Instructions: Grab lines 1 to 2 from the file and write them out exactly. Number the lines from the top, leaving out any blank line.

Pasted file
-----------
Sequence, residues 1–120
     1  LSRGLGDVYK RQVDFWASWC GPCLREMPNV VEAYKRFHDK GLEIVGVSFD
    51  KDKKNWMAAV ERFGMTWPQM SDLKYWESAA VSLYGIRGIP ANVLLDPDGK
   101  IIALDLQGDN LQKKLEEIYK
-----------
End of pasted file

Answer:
Sequence, residues 1–120
     1  LSRGLGDVYK RQVDFWASWC GPCLREMPNV VEAYKRFHDK GLEIVGVSFD